Successful pharmaceutical project onboarding – whether at a CRO, CMO or CDMO – hinges on three key factors:
All of these factors depend heavily on the project team.
Select the Right Project Manager
One of the most important elements of successful drug substance project onboarding is project management. Since every aspect of a drug development process is both complex and interrelated, a project manager (PM) must have the right experience and skillset. It is a key position – with overall responsibility for managing the scope of the project, timeline and budget, as well as leading communications with our clients.
At Regis, our PMs have diverse pharmaceutical and project management backgrounds, with expertise covering areas such as process development, drug product, medicinal chemistry, pharmacy, regulatory and more. This diversity of experience and knowledge delivers a better understanding of pharmaceutical development and allows a PM to better anticipate and communicate a project’s needs. A great project manager not only has technical expertise, but she or he should also possess excellent leadership and communication skills.
Selecting the Right Project Team
After a project manager is selected, a representative from key functional groups is assigned to form the project team. Project teams draw from a range of skillsets at Regis, as necessitated by the scope or type of project. These cross-functional teams often include a process chemist, an analytical chemist, a Quality Control (QC) chemist, someone from the Quality Assurance Group, and others, as needed (for example, Engineering).
Just as the PMs need to have the right background, each representative on the team must have a high level of technical expertise in their specific field to ensure the project runs smoothly. Once the team members are selected, the PM sets up an internal kick-off meeting to organize the team prior to the client kick-off meeting.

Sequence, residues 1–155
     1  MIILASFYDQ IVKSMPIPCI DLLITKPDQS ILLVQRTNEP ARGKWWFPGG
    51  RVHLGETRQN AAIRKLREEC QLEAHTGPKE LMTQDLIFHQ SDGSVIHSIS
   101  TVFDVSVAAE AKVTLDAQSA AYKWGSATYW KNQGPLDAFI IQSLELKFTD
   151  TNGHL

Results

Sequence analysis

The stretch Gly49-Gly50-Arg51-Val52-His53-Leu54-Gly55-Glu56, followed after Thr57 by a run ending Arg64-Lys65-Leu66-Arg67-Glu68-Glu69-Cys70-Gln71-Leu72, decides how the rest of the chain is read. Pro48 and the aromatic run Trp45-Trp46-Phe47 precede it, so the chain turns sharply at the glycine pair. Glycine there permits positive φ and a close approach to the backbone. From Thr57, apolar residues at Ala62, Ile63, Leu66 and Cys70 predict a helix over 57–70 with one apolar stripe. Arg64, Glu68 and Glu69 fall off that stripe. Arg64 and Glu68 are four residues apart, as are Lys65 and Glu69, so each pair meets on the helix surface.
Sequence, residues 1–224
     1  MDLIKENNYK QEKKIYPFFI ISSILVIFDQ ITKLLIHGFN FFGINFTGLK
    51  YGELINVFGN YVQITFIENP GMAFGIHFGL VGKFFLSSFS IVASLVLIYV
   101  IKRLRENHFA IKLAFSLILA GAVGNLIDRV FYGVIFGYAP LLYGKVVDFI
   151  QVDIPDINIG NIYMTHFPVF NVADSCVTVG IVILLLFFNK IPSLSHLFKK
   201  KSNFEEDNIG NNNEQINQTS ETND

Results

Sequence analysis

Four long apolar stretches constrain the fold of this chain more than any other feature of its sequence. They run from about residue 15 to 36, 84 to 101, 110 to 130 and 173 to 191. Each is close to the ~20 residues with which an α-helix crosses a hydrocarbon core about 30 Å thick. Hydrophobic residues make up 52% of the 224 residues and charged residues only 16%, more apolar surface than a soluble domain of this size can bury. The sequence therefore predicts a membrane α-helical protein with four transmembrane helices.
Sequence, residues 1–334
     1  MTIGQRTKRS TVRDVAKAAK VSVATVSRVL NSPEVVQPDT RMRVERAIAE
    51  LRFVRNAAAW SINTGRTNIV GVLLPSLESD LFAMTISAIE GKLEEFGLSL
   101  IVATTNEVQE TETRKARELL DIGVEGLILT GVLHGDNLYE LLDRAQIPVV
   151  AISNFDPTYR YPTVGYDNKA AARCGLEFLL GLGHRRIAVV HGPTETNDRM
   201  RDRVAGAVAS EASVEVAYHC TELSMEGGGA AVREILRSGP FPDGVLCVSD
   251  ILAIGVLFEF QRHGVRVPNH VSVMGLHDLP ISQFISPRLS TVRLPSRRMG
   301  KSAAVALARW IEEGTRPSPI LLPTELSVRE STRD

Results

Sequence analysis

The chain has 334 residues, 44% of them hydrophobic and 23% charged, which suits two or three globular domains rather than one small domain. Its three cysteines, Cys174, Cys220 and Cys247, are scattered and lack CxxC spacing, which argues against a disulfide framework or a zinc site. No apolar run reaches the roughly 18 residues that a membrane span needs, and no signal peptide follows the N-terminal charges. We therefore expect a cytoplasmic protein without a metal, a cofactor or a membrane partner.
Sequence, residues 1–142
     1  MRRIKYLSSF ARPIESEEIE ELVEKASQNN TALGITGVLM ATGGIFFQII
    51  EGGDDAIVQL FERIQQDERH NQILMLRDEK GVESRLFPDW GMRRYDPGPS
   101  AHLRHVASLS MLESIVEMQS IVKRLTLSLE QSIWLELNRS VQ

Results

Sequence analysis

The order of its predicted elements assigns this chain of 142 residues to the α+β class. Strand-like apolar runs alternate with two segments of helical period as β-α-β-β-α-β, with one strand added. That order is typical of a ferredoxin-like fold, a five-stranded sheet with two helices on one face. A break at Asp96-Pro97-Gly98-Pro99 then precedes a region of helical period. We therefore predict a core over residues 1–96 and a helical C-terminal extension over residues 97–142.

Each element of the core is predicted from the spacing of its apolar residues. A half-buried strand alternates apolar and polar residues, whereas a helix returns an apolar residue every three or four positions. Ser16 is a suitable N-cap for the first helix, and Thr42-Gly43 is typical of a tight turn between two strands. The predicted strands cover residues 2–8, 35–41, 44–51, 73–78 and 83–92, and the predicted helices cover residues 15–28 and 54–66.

Ownership Approach to Drug Substance Project Management
One of the roles of the project manager is to ensure everyone in the company understands what is at stake for each project. We find it’s important to connect the team with the clinical objective – how the patient will benefit from what we are doing. To this end, the Project Manager provides a project background sheet to the entire company, which includes information about our client, their mission, what the product does, and which patient population(s) it will serve.
In an article at the Parenteral Drug Association (The Role of Project Managers in Pharma), Garrett Van Vactor of Novartis stated project managers should have an “ownership mindset,” so they are accountable and empowered and not just ushering a project through the process. This is critically important, and understanding the end-use of a drug helps reinforce this mindset. Not only does this help build relationships within the project team internally, but it gets everyone excited to work on a project because they know who it helps.
Building Project Communication Channels